Cysts are common pet health problems that occur when space within the epidermal tissue condition of your pet fills with some form of liquid or solid matter. While some tumors have cysts in their centers, cysts are not cancerous. There are many different types of cysts including follicular, sweat glands, hereditary and those that develop due to trauma.
How it Affects your pet
As stated above, cysts are very common in pets. While these small lumps may alarm you, especially if they are inflamed or weeping, cysts typically pose no serious threats to your pet. However, some forms of cysts can leave your dog or cat vulnerable to secondary bacterial infections.
Cysts are quite easy to recognize in dogs and cats, and while they pose no serious health threats, it is best to treat them. In this way, you can be sure that your pet will not develop any infections. As such, if you notice your pet exhibiting any of the following symptoms, you should make an appointment to see your veterinarian. Common Symptoms of Cysts in Pets: Small, Soft Lumps, Lumps with or without a Foul-Smelling Discharge, Loss of Hair on and Around Lumps, Inflamed, Bluish or Dark-Colored Lumps, Blood-Filled Lumps and Ruptured Lumps.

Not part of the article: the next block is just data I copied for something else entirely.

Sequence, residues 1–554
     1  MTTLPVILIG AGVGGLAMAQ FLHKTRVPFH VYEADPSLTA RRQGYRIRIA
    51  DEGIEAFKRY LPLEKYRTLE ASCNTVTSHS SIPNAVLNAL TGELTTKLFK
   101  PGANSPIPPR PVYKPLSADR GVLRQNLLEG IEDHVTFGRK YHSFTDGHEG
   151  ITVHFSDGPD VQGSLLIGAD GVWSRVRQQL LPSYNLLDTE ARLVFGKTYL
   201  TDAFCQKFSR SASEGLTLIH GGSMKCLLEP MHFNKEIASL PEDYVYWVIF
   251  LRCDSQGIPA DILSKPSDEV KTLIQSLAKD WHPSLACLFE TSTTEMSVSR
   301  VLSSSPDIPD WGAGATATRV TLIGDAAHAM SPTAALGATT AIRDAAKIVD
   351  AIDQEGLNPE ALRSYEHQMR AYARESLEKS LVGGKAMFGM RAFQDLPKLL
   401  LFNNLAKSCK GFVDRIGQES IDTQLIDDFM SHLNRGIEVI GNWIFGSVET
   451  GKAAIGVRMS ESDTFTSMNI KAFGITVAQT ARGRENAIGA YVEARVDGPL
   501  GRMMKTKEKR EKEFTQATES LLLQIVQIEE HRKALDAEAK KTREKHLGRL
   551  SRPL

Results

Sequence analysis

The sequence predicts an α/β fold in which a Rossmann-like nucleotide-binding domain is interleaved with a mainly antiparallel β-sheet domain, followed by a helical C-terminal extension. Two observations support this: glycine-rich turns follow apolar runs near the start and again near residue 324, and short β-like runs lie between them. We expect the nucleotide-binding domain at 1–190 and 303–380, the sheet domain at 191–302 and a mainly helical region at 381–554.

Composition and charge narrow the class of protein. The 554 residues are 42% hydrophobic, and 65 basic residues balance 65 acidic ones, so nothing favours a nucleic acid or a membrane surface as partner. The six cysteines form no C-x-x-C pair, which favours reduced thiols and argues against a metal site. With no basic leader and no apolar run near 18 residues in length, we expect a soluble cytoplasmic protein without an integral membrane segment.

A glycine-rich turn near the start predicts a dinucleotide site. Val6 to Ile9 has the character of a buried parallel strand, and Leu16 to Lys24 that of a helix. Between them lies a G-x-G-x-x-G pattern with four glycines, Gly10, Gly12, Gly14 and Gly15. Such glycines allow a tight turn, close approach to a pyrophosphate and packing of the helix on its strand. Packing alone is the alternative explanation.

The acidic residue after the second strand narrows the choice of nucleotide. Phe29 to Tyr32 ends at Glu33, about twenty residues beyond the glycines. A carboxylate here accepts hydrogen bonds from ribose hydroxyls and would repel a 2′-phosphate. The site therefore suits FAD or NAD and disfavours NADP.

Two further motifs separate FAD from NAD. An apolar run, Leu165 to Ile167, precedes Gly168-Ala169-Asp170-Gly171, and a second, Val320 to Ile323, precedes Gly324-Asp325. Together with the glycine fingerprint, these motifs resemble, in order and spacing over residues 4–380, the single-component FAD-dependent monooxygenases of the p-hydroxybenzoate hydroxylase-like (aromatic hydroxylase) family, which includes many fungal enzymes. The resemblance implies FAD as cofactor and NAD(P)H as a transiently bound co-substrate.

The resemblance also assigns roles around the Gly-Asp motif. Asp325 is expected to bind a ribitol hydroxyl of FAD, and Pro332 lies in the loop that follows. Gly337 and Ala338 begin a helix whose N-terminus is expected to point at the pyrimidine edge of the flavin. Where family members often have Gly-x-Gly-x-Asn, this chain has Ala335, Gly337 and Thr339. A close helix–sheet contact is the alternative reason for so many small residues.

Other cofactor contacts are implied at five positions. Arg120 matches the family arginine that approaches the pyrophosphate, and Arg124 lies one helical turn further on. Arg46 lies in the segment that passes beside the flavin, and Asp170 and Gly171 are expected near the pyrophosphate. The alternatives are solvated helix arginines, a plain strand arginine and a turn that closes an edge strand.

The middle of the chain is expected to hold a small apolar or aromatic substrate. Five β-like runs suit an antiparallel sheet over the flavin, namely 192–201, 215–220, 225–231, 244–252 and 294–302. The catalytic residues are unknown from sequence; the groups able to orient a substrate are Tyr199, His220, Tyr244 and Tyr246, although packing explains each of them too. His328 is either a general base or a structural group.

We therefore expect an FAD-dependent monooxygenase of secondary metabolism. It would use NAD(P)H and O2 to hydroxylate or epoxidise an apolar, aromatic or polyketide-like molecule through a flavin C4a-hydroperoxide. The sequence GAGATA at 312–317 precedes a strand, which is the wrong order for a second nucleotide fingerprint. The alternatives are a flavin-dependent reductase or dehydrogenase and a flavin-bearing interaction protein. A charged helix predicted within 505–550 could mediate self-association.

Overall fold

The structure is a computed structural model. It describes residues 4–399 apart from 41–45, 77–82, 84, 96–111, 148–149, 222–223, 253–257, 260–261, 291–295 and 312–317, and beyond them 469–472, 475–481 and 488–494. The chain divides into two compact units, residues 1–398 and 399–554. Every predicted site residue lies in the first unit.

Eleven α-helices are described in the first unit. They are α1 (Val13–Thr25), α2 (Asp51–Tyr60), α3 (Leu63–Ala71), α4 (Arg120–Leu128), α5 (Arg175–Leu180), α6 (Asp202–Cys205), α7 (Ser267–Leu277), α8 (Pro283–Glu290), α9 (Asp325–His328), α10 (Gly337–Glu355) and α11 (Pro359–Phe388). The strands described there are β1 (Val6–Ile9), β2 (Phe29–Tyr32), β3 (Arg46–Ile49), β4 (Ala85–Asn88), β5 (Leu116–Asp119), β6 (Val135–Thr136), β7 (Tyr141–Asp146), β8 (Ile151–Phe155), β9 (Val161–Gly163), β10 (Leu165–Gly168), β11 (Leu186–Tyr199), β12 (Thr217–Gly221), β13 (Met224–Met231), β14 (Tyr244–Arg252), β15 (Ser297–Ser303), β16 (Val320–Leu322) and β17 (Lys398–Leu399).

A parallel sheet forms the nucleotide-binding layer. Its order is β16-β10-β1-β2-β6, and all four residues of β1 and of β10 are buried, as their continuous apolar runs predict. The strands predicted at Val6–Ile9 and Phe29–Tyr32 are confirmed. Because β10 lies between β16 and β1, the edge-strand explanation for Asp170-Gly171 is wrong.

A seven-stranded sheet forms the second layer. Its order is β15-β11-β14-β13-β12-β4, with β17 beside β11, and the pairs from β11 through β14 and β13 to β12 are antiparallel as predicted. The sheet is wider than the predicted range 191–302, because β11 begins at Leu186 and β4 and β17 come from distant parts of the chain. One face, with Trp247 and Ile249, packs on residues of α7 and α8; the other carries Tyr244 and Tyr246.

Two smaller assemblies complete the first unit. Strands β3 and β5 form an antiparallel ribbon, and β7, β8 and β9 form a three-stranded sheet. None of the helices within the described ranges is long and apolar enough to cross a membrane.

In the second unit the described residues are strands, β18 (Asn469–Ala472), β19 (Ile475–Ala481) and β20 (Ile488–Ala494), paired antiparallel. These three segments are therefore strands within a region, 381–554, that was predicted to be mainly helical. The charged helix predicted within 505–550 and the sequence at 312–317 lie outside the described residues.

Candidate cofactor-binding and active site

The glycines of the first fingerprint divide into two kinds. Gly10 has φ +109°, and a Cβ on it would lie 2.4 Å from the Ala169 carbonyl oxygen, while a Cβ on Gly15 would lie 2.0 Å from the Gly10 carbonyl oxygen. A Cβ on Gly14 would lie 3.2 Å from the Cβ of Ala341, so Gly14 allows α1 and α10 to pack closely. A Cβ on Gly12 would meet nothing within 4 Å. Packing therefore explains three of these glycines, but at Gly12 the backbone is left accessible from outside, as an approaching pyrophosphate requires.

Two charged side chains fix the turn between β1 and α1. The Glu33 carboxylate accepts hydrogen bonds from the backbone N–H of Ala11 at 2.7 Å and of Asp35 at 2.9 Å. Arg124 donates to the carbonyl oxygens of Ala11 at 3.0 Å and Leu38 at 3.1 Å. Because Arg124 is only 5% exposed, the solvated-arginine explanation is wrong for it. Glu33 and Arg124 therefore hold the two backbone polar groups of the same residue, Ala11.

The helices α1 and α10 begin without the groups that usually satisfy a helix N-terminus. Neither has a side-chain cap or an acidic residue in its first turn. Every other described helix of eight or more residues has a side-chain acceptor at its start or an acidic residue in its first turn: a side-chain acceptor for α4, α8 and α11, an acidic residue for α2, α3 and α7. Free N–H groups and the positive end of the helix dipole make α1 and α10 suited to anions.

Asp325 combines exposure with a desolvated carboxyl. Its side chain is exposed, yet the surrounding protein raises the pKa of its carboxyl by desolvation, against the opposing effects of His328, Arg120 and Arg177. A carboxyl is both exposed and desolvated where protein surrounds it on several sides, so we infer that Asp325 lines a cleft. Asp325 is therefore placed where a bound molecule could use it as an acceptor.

Your veterinarian will need to use a needle to draw out some of the fluid in the cyst to determine a proper form of treatment. In some cases, a biopsy may be necessary. Typically, surgery or laser treatments are required to remove the cyst and prevent it from recurring. Antibiotics will be prescribed if there are any infections. Cysts caused by trauma usually heal on their own requiring little treatment beyond keeping the area clean and dry. After surgery, you will need to keep the area clean and bandaged until it heals. You will also need to prevent your pet from scratching at the surgical site and keep an eye out for any swelling or bleeding following the procedure.
While most any breed of dog or cat can develop cysts, some breeds of dogs are more vulnerable to them than others. Furthermore, there are several factors that can encourage the development of cysts in both dogs and cats. These breeds and factors are as follows. Common Breeds: Mexican Hairless, Chinese Cresteds
- As stated above, cysts are very common in pets. While these small lumps may alarm you, especially if they are inflamed or weeping, cysts typically pose no serious threats to your pet. However, some forms of cysts can leave your dog or cat vulnerable to secondary bacterial infections.